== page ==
Britain is essentially just a middling island off the coast of the continent. But it can be easy to lose sight of that in the context of with the Romans. Our thriving trade in classical reminiscing during the British Empire has ensured a huge amount of time money and effort is thrown into researching it. This is one of those cases complicated subject by our modern world view. The academics of today still have to deal with the legacy of imperial pomposity. The little and initially inconsequential province that Claudius conquered certainly learned how to upsell itself. But, it is telling that the first depiction of Britannia isn’t even in the Western Empire at all but Aphrodisias, now in modern Turkey.
I think it is fair to assert that the ancient world view which tended to lean east, rather than westwards. If you’ve ever tried to holiday in Britain you can appreciate why the Roman’s inclined towards Syria from a purely based on preferential weather. But there were other advantages to the east as well including other established empires, resources and knowledge. This helped contribute to the idea of ‘orientalism’ famously covered in the seminal work by Edward Said. This is not to say that prehistoric Britain and Ireland didn’t have rich material culture, complex societies, as any archaeologist of the period will tell you. But the Romans, unlike the likes of Francis Pryor, failed to pick up on the more positive attributes of our green and pleasant land. Not nearly enough olives and far too much rain.
I myself, in Rome, saw mere lads towering as much as half a foot above the tallest people in the city, although they were bandy-legged and presented no fair lines anywhere else in their figure. Their habits are in part like those of the Celti, but in part more simple and barbaric — so much so that, on account of their inexperience, some of them, although well supplied with milk, make no cheese; and they have no experience in gardening or other agricultural pursuits.
Strabo’s Geography, book IV, chapter 5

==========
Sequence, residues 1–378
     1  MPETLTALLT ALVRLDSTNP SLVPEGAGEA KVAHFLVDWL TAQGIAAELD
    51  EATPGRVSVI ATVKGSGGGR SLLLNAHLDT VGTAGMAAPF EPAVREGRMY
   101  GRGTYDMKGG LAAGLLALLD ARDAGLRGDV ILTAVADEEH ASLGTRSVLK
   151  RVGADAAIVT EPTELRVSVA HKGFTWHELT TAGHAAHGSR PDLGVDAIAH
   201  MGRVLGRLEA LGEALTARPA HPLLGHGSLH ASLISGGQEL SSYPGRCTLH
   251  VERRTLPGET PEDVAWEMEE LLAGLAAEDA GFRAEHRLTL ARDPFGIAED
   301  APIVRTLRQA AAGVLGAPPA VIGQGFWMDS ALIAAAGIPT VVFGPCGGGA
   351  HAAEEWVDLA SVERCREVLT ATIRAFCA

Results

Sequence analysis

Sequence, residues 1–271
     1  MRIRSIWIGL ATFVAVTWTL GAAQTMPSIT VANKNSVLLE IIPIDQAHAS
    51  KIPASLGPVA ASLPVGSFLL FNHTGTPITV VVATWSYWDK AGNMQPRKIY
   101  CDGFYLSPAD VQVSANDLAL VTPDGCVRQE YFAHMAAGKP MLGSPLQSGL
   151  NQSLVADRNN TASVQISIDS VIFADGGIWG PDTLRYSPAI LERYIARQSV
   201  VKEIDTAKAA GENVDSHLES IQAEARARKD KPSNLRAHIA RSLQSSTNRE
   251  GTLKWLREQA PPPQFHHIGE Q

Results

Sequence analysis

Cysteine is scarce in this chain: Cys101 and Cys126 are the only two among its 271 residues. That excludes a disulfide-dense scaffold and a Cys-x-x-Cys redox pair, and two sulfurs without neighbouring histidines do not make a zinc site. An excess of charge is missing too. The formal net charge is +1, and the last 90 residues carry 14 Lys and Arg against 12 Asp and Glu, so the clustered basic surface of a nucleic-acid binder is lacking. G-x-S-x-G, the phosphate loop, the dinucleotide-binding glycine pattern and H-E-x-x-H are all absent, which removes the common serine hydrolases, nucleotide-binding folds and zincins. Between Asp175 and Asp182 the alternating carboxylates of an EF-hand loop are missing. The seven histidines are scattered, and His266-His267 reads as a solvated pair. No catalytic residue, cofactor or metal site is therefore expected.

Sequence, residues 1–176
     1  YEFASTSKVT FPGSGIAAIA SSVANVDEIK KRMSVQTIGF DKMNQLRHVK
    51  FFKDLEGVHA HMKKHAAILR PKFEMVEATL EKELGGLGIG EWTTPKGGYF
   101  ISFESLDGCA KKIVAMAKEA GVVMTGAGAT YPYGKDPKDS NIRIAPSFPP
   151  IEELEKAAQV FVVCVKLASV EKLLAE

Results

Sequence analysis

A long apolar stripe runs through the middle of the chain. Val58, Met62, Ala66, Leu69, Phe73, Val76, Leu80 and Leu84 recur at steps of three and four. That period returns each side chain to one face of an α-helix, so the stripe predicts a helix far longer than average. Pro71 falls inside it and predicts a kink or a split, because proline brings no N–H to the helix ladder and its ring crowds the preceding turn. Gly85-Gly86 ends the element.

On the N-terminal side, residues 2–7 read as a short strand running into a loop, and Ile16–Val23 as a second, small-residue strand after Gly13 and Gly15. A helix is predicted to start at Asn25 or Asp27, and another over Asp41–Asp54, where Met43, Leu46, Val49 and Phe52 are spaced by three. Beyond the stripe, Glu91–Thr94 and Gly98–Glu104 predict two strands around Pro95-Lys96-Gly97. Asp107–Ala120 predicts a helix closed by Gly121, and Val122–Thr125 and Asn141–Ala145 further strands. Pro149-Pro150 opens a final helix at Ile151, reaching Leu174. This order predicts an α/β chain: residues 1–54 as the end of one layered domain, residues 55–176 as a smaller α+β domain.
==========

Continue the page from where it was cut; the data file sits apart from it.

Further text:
No cheese, heaven forbid.
Unsurprisingly, the Romans who arrived in the new province of Britannia would not have viewed the Atlantic ocean in the same way as later peoples. We have to bend away from our understanding of geography and lean towards a different approach to ‘world’ view. As countless civilizations that have followed, the Romans appear to have been no different in seeking knowledge of the further reaches of the known world. They were just also remarkably efficient in turning it into Empire.
To look at this ancient world view, I’m going to start with Herodotus. His work The Histories encompassed a great swath of the known world, with Greece in the middle, and shows one way of seeing the ancient perception of the world.
[Herodotus] believes that the world is symmetrical. When he compares the Danube and the Nile, he points out that they both divide a continent in two halves, and that their deltas are on the same geographical longitude. Since it is -according to Herodotus- well-known that the sources of the Danube are in the far west, in the Pyrenees, he is positive that the sources of the Nile must be in the west too, in the Atlas mountains. And because the Danube has five mouths, two of the seven branches of the Nile must be canals. This symmetry is not complete: Herodotus knows that it is cold in the north and warm in the south.